Last summer I finished a large refactoring, and thought it would be nice to change tack, and so I decided to try to push through a new feature as my next project. Refactoring is worthwhile, but it has a long-term pay-off. On the other hand, new features show progress to a wider audience, and so new features are another avenue to getting people interested and involved in development.
I picked an old Google Summer of Code project that hadn’t really been wrapped up, and immediately spotted a bunch of changes that would be needed to make it easier for others to help review it. Long story short, it needed a lot more work than anyone realised and it’s taken me a few months to get it ready. I’ve learned a few lessons about GSoC projects along the way, but that’s a story for another time.
I want to keep going with the refactoring, since a better codebase leads to happier developers and eventually to better features. But it’s worthwhile having some sort of a goal, otherwise it’s hard to decide what’s important to refactor, and to avoid getting lost in the weeds. There have been discussions in the past about adding some form of Groups to OpenStreetMap, and it’s a topic that keeps on coming up. But I know that if anyone tried implementing Groups on top of our current codebase, it would be impossible to maintain, and it’s far too big a challenge for a self-contained project like GSoC.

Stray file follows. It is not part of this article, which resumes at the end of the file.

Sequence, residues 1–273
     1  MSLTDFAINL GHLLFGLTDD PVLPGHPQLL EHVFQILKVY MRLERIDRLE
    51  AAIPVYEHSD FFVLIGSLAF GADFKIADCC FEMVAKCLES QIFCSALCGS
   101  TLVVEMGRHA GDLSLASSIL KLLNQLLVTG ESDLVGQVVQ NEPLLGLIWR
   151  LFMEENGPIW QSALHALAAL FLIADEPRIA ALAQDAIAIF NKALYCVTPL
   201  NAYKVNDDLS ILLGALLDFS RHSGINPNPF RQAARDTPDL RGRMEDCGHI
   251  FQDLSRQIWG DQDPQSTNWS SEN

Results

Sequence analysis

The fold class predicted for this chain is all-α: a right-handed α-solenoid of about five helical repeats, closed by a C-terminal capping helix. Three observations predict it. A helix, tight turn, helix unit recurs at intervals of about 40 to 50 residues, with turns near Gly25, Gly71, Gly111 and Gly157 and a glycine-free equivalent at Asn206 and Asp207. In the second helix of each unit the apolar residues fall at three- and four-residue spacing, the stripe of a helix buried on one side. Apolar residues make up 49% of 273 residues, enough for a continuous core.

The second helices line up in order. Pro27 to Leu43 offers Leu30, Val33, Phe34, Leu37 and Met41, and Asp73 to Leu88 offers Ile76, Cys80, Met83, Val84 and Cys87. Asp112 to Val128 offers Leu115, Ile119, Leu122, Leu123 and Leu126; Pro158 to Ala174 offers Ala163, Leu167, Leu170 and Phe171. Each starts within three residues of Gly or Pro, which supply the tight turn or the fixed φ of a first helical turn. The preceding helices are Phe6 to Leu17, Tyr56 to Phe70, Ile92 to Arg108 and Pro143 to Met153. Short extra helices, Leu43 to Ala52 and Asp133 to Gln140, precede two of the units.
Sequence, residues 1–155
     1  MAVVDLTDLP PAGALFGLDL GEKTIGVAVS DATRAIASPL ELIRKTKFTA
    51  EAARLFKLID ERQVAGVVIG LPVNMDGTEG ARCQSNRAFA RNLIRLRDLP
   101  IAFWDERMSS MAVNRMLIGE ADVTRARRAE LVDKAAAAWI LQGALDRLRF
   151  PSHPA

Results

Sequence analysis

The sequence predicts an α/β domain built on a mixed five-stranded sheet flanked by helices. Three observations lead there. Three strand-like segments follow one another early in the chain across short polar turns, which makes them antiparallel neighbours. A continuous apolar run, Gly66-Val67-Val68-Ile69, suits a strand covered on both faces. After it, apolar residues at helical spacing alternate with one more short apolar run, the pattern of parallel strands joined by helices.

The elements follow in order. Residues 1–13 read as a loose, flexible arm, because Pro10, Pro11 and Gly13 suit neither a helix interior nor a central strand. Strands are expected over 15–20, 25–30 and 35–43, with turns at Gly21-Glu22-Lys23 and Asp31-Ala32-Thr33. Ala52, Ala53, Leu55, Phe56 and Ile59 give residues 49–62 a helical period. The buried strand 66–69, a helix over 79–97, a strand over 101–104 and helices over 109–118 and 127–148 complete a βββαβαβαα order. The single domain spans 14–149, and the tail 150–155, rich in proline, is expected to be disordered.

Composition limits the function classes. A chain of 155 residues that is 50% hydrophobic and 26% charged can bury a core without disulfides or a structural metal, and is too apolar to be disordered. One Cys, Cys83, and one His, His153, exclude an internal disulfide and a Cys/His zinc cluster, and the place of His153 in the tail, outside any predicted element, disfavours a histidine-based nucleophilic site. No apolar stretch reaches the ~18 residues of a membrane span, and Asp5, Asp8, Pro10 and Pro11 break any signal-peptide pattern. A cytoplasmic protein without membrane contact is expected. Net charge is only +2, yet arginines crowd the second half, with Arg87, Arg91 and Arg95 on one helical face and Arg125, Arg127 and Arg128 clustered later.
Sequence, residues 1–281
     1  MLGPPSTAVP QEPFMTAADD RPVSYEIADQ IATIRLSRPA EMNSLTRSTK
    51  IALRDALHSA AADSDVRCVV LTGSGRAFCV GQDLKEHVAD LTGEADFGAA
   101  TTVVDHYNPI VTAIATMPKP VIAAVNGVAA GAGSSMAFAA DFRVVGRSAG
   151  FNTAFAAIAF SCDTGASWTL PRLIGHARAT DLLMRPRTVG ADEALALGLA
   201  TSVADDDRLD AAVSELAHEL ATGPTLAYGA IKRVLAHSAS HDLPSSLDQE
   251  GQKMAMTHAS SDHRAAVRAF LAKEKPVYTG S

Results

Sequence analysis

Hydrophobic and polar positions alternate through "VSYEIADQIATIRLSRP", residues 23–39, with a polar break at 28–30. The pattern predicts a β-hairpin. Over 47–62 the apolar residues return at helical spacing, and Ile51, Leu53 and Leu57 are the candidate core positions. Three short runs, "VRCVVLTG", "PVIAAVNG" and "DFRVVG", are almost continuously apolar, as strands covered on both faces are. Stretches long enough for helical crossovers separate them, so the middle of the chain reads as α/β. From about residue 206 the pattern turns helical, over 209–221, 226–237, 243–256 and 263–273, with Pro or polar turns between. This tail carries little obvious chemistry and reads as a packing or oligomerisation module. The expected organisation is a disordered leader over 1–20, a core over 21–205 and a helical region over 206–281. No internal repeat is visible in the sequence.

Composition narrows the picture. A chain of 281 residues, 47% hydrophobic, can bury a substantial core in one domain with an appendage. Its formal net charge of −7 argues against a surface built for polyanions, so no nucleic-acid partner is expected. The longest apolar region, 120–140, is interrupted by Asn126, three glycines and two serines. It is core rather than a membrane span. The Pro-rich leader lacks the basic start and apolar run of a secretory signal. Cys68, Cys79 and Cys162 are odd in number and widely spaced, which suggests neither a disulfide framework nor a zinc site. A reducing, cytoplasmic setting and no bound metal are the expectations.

So what things do I think would make it easier to implement Groups? The most obvious piece of groundwork is a proper authorisation framework. Without that, deciding who can view messages in or add members to each group would be gnarly. I also don’t want to add many more new features to the site with our “default allow” permissions – it’s too easy to get that wrong, particularly adding something substantial and complex like Groups.
I had a stab at adding the authorisation framework a few weeks ago, but quickly realised some more groundwork would help. We can make life easier for defining the permissions if we use standard Rails resource routing in more places. However, that involves refactoring controller methods and renaming various files. That refactoring becomes easier if we use standard Rails link helpers, and if we use shortened internationalization lookups.
So there’s some more groundwork to do before the groundwork before the groundwork…